(This article belongs to the Special Issue Monitoring Heavy Metal Pollution for Environmental Health and Safety)
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10 pages, 504 KiB  
Article
Improved Calculations of Heavy Metal Toxicity Coefficients for Evaluating Potential Ecological Risk in Sediments Based on Seven Major Chinese Water Systems
by Yu Cao, Ruimin Wang, Yanyan Liu, Yongjie Li, Lifen Jia, Qingxiang Yang, Xiangpeng Zeng, Xinlei Li, Qiang Wang, Ruifei Wang and Luqman Riaz
Toxics 2023, 11(8), 650; https://doi.org/10.3390/toxics11080650 - 27 Jul 2023
Cited by 1 | Viewed by 1565
Abstract
Several methods have been used to assess heavy metal contamination in sediments. However, an assessment that considers both composite heavy metal speciation and concentration is necessary to accurately study ecological risks. This study improved the potential ecological risk index method and calculated the [...] Read more.
Several methods have been used to assess heavy metal contamination in sediments. However, an assessment that considers both composite heavy metal speciation and concentration is necessary to accurately study ecological risks. This study improved the potential ecological risk index method and calculated the toxicity coefficients of seven heavy metals: Arsenic (As), Cadmium (Cd), Chromium (Cr), Copper (Cu), Nickel (Ni), Lead (Pb), and Zinc (Zn). The newly calculated toxicity coefficients were validated by using previously published heavy metal distribution data of the Henan section of the Yellow River. The calculation procedure is based on the principle that the abundance of heavy metals in the environment and their bioavailable forms affect the toxicity of heavy metals. The toxicity coefficients for the seven heavy metals were calculated as follows: As = 10, Cd = 20, Cr = 5, Cu = 2, Ni = 5, Pb = 5, Zn = 1. Ecological risk assessment of the Henan section of the Yellow River using the improved toxicity coefficients revealed that the ecological risk of Cd and total heavy metals is higher than previous calculations, reaching the strength and moderate risk levels, respectively. The improved potential ecological risk index method is more sensitive to heavy metal pollution and thus provides a better indication of ecological risk. This is a necessary improvement to provide more accurate pollution assessments. Full article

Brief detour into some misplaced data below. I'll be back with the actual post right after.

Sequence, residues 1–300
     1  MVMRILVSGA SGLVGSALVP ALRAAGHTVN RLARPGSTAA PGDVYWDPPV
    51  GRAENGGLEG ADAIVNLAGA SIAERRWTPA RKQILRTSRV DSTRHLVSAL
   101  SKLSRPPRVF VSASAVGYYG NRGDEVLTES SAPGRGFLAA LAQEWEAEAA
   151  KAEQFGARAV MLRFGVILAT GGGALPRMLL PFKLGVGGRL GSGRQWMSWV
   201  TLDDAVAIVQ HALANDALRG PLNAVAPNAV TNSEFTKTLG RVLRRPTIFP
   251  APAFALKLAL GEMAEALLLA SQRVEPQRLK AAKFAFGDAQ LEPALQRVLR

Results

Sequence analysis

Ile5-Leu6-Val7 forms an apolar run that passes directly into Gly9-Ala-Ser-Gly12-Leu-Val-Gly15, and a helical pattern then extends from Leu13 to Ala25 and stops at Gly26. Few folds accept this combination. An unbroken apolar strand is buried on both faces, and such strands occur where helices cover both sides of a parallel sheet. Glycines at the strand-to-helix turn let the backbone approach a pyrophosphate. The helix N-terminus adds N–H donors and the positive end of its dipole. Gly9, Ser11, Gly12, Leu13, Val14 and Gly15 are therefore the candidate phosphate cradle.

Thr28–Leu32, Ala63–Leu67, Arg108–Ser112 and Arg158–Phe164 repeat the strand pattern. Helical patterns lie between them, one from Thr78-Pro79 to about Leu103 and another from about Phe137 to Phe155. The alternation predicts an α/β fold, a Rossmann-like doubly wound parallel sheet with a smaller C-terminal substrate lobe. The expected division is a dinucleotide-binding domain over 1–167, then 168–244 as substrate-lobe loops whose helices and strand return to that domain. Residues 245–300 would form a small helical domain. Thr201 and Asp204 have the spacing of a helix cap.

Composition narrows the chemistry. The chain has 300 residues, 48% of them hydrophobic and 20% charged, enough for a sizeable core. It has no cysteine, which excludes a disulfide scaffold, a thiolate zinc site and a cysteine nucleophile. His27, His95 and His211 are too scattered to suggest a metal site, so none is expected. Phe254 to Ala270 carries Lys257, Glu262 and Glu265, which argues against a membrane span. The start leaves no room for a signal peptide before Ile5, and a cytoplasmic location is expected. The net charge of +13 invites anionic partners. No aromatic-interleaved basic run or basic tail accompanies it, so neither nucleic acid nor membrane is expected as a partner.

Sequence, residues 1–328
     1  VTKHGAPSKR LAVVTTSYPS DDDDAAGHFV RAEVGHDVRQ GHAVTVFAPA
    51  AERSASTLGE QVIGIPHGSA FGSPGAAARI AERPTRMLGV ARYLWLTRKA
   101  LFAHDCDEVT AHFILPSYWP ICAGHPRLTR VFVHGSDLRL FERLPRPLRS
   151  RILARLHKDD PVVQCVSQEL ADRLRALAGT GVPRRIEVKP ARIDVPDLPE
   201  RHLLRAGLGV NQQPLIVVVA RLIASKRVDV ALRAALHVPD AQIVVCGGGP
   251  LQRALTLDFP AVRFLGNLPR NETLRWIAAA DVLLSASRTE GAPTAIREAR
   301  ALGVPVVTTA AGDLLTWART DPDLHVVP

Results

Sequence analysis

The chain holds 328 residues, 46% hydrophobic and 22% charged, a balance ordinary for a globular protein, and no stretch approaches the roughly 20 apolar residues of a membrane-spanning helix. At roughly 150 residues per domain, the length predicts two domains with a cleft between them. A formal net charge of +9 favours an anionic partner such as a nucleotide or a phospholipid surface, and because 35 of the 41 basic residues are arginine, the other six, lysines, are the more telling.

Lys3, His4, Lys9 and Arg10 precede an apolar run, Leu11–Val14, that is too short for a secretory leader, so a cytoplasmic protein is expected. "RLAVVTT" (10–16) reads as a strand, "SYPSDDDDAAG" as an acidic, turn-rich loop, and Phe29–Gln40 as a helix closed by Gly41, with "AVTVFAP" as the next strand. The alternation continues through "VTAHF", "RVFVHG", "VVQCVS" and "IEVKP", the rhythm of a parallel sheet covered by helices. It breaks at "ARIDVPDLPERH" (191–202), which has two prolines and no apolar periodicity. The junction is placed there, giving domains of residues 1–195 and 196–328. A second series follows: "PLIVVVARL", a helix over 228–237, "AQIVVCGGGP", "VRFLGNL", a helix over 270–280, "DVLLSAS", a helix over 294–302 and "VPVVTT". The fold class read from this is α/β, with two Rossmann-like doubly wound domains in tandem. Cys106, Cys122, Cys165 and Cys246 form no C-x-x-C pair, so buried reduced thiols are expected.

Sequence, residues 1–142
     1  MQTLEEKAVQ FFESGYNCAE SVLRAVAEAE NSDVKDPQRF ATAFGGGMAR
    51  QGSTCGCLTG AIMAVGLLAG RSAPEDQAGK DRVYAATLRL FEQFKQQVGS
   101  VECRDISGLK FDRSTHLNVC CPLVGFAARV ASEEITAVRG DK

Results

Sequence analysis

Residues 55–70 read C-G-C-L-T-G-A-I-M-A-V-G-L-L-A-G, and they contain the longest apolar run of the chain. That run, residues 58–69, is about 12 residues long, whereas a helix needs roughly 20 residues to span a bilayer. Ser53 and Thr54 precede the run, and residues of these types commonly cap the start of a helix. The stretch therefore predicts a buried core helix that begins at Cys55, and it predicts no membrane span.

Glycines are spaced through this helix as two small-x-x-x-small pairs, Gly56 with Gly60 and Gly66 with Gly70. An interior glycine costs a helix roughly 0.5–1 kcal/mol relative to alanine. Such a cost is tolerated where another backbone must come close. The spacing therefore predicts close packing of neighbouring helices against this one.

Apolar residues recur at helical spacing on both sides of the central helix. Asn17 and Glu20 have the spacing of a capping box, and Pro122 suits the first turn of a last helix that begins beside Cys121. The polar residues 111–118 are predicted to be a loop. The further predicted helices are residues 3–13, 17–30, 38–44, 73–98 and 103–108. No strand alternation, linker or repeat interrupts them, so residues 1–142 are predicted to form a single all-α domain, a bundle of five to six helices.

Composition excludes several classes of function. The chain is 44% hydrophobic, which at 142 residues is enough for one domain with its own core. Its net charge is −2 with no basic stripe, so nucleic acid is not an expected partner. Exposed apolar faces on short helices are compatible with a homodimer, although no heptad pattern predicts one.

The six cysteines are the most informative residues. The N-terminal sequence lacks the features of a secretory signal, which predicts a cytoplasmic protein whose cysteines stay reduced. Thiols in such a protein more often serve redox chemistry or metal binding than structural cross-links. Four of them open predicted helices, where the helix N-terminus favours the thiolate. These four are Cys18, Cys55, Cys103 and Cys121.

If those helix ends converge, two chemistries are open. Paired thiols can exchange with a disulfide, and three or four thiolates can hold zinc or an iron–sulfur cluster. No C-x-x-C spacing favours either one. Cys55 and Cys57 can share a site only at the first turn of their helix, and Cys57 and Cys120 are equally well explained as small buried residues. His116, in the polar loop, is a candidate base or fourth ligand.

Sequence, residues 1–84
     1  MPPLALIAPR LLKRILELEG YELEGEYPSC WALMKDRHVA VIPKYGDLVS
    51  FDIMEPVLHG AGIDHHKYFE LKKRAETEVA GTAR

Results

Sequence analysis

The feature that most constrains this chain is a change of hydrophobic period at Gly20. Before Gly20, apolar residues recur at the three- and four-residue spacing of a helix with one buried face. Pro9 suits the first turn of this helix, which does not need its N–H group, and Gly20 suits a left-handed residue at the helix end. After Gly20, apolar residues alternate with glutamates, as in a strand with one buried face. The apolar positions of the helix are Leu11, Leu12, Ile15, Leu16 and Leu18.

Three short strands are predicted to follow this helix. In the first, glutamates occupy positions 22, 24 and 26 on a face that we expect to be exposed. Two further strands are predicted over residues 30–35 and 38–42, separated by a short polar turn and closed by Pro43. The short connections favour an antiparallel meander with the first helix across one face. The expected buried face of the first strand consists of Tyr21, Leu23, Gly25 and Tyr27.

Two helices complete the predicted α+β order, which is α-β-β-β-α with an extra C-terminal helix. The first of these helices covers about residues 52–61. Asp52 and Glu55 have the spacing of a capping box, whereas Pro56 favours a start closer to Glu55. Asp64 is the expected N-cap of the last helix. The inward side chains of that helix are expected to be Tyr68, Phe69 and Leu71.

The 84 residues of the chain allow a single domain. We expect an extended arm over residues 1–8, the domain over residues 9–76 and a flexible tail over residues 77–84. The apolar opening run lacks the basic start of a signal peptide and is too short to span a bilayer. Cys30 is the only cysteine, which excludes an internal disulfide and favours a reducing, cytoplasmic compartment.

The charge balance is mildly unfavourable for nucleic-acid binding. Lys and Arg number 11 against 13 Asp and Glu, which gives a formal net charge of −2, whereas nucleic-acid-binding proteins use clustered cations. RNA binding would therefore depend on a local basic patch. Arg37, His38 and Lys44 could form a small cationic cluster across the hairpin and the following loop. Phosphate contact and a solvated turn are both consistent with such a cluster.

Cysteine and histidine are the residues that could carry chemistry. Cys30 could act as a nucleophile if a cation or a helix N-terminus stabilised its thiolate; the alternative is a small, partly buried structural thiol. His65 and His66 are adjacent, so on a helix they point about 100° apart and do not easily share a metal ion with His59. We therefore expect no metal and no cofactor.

(This article belongs to the Special Issue Monitoring Heavy Metal Pollution for Environmental Health and Safety)